Service by hand

Service by hand involves giving the documents to a server, who gives the documents to your spouse and completes an affidavit as proof of service.

Choosing a server

You need to arrange for a person over 18 years of age to serve the documents on your spouse. The server can be a family member, friend or professional process server.

You cannot serve the documents on your spouse yourself, unless it is by post or electronic communication, but you can be present to help the server identify your spouse.

Step 1: Provide the documents

You will need to provide the following documents to the server:

Step 2: The documents are served on your spouse

After receving the documents, the server will now locate and identify your spouse and give the documents to them.

Identifying your spouse

It is important that you have evidence the application was served on the right person.

You may have chosen a server who does not know your spouse, so the Court will need evidence that the application was given to the right person. Options include:

If the server does not know your spouse, they should identify them by asking questions; for example, ‘What is your full name?’ or ‘Are you the husband/wife of [state name of applicant]?’.

Clear evidence of your spouse's identity is particularly important if your spouse does not sign the Acknowledgement of Service, respond to your application or attend the divorce hearing. The Court needs to be sure your spouse is aware of the application.

Giving the documents to your spouse

Once the server has identified your spouse, they will give them the documents to ask them to sign the Acknowledgement of Service.

If your spouse accepts the documents and signs the Acknowledgement, the documents have been served.

If your spouse doesn’t accept the documents or sign the Acknowledgement, it does not mean they aren’t served. The server can put the documents down in the presence of your spouse and briefly describe them. For example, ‘Your spouse is applying for a divorce and I am serving you with the divorce application’.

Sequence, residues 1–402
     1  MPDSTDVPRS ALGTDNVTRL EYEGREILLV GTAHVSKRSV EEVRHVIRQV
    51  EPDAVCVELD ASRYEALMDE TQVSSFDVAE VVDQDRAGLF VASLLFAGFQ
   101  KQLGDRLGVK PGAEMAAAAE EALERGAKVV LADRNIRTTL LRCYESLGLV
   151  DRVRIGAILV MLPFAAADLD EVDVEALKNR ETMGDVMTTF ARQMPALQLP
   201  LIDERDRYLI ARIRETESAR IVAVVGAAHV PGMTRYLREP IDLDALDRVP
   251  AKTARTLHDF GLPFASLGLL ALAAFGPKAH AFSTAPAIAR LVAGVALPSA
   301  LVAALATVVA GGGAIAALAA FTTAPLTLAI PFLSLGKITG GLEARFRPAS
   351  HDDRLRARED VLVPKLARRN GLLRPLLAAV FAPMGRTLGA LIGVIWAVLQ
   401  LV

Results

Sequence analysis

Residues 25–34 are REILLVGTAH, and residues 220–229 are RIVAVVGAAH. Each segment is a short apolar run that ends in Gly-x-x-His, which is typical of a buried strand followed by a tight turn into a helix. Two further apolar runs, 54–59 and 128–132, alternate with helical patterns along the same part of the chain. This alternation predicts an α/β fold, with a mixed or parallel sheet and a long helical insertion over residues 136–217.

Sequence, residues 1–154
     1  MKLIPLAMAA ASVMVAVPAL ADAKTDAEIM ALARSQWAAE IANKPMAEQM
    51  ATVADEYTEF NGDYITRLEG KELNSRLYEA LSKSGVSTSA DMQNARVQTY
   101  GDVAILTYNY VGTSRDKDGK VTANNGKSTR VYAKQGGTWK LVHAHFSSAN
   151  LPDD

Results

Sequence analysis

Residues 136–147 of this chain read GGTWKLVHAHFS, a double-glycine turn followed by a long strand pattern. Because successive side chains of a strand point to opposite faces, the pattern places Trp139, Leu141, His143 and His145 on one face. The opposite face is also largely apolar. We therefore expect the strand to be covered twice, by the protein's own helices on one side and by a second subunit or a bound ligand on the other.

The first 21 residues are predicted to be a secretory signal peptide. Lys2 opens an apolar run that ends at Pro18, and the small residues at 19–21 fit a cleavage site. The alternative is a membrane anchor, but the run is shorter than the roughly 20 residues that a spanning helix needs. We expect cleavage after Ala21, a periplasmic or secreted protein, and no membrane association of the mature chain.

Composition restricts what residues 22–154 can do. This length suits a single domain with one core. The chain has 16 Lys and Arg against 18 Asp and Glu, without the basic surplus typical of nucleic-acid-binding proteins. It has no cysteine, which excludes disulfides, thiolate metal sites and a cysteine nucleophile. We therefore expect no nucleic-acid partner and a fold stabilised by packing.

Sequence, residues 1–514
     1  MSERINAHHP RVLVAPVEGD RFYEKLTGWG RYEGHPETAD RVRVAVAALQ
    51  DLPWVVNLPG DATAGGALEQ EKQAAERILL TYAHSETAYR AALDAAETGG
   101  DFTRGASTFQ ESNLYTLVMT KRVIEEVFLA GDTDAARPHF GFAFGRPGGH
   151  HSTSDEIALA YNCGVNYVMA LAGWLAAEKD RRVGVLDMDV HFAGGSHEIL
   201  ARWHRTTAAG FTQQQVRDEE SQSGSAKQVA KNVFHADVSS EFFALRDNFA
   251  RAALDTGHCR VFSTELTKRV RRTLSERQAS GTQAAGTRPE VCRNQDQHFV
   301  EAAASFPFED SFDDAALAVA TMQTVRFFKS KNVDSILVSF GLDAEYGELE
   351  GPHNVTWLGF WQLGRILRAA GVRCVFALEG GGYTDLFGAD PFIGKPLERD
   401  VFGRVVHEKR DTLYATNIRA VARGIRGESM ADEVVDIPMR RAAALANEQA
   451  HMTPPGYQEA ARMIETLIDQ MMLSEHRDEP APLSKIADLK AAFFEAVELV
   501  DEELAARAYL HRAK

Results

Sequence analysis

The server must record evidence on how service occurred in the Affidavit of Service, by completing all relevant parts of the affidavit.

Serving your spouse’s lawyer

If your spouse has a lawyer, you need to find out if they will accept service of the documents on behalf of your spouse. If they agree, you can serve the lawyer who will sign the Acknowledgement of Service. If you serve your spouse’s lawyer, you don’t need to complete an Affidavit of Service (you don't need to complete Step 3, and can file just the Acknowledgement of Service).

Getting the lawyer’s agreement is important, because a lawyer may have given your spouse legal advice, but that doesn’t mean they will be representing your spouse throughout the divorce process.

Step 3: Server completes the Affidavit of Service

Once the documents have been served, the server completes the Affidavit of Service as evidence of:

Signing the documents

The server now has to sign the affidavit in front of an authorised witness (usually a lawyer or Justice of the Peace).

The server needs to attach the following documents to the affidavit before signing:

When signing the documents in front of the witness, the server will need photo ID so the authorised witness has evidence of their identity.

Now the service documents are ready to be filed.

Next steps

If service was successful, you can file the service documents.

If your spouse could not be located, you will have to apply for an order to dispense with service. You will need to tell the Court of the efforts you have made to locate your spouse.

Last updated: 29-Oct-2019

[ back to top ]